Do Car Insurance Companies Check Your Mileage?

Mileage is a key factor that auto insurance companies use to calculate your premiums. The more you drive, the greater your risk of being involved in an accident. So how exactly do insurers determine how many miles you drive? Do they rely on your own estimates or do they independently verify your odometer readings?

The answer is that car insurance companies use a variety of methods to check your mileage, ranging from customer self-reporting to high-tech tracking services. Understanding how insurers monitor your driving activity can help ensure you pay fair rates based on actual usage.

Why Insurers Need Your Mileage Information

Your annual mileage is directly tied to your likelihood of getting into an accident. Drivers who rack up higher mileage:

  • Spend more time on the road exposed to potential crashes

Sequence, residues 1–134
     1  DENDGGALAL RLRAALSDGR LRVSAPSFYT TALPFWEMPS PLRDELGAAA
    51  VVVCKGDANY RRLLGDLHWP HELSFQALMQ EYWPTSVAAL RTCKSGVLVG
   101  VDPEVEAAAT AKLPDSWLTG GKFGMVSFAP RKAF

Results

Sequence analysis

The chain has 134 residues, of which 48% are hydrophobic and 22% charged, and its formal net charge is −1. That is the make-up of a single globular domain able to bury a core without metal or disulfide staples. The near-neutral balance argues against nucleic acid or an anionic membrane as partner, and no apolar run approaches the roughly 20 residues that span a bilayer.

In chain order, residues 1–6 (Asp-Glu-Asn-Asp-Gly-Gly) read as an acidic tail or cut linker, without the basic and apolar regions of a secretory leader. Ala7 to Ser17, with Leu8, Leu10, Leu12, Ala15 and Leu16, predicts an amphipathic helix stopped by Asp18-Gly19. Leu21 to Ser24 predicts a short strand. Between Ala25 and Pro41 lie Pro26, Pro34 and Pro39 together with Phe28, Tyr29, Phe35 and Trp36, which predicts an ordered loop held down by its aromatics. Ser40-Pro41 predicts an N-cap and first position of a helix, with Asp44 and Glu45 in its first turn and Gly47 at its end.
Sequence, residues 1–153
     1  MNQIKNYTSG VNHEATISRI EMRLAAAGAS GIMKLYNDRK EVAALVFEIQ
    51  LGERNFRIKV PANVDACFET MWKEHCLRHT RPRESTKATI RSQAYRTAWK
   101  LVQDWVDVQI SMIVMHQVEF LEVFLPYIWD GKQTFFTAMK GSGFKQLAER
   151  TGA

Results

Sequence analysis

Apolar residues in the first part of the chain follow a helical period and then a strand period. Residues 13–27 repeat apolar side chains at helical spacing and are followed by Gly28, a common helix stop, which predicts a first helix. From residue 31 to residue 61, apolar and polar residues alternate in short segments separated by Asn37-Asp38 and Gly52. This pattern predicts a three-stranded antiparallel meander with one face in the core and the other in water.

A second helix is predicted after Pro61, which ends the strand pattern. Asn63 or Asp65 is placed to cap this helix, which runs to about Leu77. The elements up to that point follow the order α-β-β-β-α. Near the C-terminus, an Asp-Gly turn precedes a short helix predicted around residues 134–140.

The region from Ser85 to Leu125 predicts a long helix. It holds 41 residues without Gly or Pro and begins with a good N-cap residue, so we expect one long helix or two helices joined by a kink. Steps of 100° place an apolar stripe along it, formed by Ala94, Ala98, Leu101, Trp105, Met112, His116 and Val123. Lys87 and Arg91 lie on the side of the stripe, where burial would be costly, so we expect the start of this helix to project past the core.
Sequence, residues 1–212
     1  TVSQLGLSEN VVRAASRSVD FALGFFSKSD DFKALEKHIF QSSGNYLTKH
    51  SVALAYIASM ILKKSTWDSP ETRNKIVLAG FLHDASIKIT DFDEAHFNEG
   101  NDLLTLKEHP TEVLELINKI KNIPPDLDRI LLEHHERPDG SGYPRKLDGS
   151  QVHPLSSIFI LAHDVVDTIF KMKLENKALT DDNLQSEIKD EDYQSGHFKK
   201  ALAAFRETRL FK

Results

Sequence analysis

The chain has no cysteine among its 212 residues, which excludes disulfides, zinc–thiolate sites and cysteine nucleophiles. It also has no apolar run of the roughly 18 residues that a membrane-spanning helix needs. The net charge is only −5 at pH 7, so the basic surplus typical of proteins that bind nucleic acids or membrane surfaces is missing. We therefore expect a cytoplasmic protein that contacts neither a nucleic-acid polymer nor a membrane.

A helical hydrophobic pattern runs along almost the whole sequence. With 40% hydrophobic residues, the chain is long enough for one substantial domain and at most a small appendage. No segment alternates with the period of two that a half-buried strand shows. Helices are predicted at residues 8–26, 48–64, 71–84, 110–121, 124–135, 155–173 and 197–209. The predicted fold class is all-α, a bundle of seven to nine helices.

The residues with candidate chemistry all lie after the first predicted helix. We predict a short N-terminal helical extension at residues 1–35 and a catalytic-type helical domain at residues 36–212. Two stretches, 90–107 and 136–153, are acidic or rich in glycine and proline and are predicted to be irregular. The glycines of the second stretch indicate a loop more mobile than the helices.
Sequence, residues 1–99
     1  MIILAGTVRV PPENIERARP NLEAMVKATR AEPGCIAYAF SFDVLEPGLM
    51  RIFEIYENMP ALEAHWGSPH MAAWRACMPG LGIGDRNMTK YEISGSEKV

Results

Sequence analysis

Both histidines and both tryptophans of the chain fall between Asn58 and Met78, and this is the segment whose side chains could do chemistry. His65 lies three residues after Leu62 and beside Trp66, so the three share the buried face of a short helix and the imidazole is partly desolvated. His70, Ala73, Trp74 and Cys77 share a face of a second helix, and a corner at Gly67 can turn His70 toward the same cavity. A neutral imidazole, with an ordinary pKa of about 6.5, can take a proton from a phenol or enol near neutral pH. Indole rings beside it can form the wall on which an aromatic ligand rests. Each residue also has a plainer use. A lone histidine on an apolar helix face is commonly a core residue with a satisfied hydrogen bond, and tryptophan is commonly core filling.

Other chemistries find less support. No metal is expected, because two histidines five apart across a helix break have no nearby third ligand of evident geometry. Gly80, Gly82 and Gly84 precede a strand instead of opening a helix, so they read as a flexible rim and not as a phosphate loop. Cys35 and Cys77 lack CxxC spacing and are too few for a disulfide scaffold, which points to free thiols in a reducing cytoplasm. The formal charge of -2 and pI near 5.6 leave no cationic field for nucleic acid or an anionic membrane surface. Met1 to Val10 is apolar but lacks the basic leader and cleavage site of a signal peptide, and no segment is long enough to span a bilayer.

• Experience more wear and tear that can lead to mechanical breakdowns
  • Are more likely to file claims for repairs, damages, and injuries

Insurers price your policy based on risk, so the more miles you drive, the greater chance you’ll have a claim. That results in higher premiums. Checking odometer readings allows insurers to accurately base rates on driving habits.

How Insurance Companies Determine Your Mileage

Insurers obtain your mileage information through several sources:

  • Customer provided estimates – You report your estimated annual miles when first getting a policy and upon renewal. This relies on you accurately assessing your driving habits.

  • Odometer verification – Agents may request a photo of your odometer or take an in-person reading periodically to validate your estimates.

  • Usage tracking programs – Many insurers now offer voluntary app or device-based tracking services to monitor actual mileage. These provide precise data.

  • External databases – Insurers can pull mileage information from sources like vehicle registration records and auto repair shop invoices that record odometer readings.

  • Driving data recorders – Some modern vehicles have black boxes that track driving data. Insurers may be able to access this info with your consent.

So while customer-provided estimates are still common, insurers have multiple ways to independently verify your mileage now.

Examples of How Insurers Check Mileage